Researchers taking leave: a guide on what to do
A step-by-step guide for researchers on to what to do if you need to take a period of leave due to pregnancy, adoption, surrogacy or mental or physical illness.
- Researchers taking leave: policies and resources
- You are here: Researchers taking leave: a guide on what to do
- Researchers taking leave: maternity and family leave
- Researchers taking leave: Ph.D. student leave and pay policy
- Senior researchers taking leave: policies and support
- Returning to research
What should you do if you need to take a period of leave during your due to pregnancy, adoption or illness?
1. Speak to the HR department and supervisor at your University.
They will be able to tell you what you are entitled to. As an Alzheimer's Society funded Ph.D. student you will be entitled to family or sick leave and pay.
To organise leave during your Ph.D. you will need to apply by speaking to your HR department and supervisor to request to suspend your studies. This usually means that you won't need to pay any fees during your leave. If you are a post-doctoral researcher your HR department and line manager will be able to put this process in place.
In general, as a full-time contracted employee of a university or research institute, you will be entitled to family and sick leave and pay. This is dependant on the end of your contract being further away than the predicted end of your period of leave.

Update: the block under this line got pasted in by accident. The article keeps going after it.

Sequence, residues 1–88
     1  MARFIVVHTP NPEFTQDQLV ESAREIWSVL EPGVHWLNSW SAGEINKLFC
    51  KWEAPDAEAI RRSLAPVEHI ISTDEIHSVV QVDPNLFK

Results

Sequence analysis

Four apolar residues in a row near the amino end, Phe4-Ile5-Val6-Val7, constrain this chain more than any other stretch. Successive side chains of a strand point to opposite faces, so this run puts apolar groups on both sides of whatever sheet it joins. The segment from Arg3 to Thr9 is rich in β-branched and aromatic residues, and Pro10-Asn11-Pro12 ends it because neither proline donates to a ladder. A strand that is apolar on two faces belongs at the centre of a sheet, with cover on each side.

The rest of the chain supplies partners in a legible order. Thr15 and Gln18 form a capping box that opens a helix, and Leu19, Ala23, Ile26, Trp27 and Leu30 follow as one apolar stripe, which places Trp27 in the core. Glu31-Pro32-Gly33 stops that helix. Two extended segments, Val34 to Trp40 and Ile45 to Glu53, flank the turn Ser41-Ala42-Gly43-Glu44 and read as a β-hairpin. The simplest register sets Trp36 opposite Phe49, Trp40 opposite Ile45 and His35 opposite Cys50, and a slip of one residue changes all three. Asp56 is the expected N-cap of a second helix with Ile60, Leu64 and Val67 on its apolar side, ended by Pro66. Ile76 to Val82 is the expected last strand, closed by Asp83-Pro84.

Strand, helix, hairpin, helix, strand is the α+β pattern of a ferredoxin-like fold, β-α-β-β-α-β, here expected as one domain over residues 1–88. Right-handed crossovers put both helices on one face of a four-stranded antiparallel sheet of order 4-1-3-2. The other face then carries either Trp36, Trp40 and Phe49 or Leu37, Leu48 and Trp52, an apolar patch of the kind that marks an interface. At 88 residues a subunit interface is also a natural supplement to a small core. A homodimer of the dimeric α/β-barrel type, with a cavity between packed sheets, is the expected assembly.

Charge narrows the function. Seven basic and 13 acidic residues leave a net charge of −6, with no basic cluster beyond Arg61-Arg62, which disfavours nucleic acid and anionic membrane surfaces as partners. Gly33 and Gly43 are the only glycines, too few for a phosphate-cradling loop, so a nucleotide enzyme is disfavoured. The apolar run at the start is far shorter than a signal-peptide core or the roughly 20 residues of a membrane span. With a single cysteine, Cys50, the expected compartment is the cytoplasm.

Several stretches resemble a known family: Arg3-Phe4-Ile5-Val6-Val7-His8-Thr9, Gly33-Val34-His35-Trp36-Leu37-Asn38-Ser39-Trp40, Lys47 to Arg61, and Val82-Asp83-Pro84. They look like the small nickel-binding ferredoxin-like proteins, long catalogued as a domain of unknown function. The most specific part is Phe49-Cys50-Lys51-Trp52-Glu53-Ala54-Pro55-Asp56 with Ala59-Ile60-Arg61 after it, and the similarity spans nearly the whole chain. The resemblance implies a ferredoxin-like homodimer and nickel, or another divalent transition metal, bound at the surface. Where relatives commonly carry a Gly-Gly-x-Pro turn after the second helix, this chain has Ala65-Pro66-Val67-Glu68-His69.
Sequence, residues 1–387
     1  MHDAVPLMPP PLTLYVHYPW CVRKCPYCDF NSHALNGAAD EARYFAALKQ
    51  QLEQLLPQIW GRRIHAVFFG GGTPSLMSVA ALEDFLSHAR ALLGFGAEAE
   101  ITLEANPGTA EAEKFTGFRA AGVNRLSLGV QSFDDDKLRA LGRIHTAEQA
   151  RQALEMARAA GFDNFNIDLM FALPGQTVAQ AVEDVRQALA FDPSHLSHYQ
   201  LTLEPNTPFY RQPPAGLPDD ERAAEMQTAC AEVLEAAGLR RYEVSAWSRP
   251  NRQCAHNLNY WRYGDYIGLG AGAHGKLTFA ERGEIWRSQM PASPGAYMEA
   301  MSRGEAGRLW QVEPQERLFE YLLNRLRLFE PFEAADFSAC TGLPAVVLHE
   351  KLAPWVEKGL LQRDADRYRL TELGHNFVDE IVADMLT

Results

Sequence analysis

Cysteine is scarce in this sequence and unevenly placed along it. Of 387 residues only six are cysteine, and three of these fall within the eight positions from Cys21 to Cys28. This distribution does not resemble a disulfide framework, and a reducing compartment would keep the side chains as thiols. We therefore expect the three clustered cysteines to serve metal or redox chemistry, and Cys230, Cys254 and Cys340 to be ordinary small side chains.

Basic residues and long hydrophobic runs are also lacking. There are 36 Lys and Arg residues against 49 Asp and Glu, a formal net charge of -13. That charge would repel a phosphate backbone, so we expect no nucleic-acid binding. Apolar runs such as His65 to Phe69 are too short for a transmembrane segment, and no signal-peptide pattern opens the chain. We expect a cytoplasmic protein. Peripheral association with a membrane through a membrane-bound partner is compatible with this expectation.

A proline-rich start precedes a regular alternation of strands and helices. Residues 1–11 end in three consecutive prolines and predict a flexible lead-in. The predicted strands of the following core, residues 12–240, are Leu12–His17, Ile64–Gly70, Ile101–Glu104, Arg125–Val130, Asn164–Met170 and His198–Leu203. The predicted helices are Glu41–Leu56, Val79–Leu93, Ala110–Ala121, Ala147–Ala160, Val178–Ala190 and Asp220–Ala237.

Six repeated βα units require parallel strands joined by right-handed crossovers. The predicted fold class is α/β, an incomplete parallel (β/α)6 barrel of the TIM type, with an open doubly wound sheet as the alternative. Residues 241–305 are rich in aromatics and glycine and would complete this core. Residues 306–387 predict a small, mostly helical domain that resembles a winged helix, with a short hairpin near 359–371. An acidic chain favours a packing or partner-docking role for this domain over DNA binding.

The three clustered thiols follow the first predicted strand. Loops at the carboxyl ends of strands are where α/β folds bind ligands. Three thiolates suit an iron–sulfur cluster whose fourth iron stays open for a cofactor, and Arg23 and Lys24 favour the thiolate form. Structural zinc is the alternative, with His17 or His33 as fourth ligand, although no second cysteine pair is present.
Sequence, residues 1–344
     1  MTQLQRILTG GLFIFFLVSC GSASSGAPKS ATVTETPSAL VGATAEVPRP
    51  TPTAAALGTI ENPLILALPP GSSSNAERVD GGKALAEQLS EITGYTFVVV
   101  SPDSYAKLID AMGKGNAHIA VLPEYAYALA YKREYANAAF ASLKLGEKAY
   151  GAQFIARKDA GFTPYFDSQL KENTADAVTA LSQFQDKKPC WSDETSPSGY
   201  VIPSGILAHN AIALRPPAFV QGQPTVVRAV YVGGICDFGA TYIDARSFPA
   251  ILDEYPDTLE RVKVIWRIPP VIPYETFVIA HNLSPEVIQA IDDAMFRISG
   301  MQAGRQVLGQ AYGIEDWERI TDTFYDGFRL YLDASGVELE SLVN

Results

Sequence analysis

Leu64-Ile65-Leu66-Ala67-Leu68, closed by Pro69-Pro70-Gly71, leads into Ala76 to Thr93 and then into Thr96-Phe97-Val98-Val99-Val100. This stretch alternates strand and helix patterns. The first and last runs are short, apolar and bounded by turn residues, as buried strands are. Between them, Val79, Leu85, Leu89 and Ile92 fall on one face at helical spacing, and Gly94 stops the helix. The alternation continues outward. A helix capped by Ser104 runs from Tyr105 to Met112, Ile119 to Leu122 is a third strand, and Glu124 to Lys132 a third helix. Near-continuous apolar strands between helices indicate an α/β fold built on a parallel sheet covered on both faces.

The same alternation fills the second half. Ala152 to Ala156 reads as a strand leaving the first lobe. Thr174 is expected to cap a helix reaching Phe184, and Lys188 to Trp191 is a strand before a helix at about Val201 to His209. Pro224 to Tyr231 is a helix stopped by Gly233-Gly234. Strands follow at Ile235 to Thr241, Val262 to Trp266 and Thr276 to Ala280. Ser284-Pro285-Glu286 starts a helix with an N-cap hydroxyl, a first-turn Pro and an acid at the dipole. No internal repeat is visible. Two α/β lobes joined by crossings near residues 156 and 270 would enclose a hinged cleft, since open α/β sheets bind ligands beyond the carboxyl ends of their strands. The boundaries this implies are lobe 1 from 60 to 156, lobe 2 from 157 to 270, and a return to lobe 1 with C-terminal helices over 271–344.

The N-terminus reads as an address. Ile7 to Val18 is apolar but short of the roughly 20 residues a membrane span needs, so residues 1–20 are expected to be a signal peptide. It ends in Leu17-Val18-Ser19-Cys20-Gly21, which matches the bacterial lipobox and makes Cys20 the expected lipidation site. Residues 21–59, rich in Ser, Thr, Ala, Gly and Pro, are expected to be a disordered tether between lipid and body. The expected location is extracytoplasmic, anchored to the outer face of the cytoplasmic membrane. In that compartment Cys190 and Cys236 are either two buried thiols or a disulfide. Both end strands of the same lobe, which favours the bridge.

Maternity leave and pay
In the UK you are entitled to up to 12 months maternity leave, with the first six weeks paid at 90% of your current salary and £145.18 or 90% of your average weekly earnings (whichever is lower) for the next 33 weeks.
Paternity/adoption/surrogacy leave and pay
Sick leave and pay
If you are unable to work due to physical or mental health issues you have the option of applying for sick leave and pay, find out what you are entitled to.
2. Check with your funding body.
Speak to our grants team to let us know that you will be taking a period of leave from your Ph.D., post-doc, fellowship or project grant and we'll sort out the rest to support you until your return to research. We will also be able to tell you whether you are entitled to a research assistant to cover the period of leave or to receive a no-cost extension of your grant.
If you are a Ph.D. student who is not funded by the Society your funder may view you as ineligible for Statutory Maternity Pay as Ph.D. students are rarely given full employee rights. In this case, it is still worth checking with your university as they may have their own programmes in place to help to support you.
If you have contributed to national insurance for at least 13 of the 66 weeks before your baby is born, you may be entitled to Maternity Allowance.
3. Be aware that you may need to give notice of when you plan to return.
At the Society, seven working days notice ahead of your return is sufficient for us to put you back on our records. You may need to give your university or research institute a month or more of notice, it is important that you confirm this with them ahead of time. Citizens Advice have further information on this.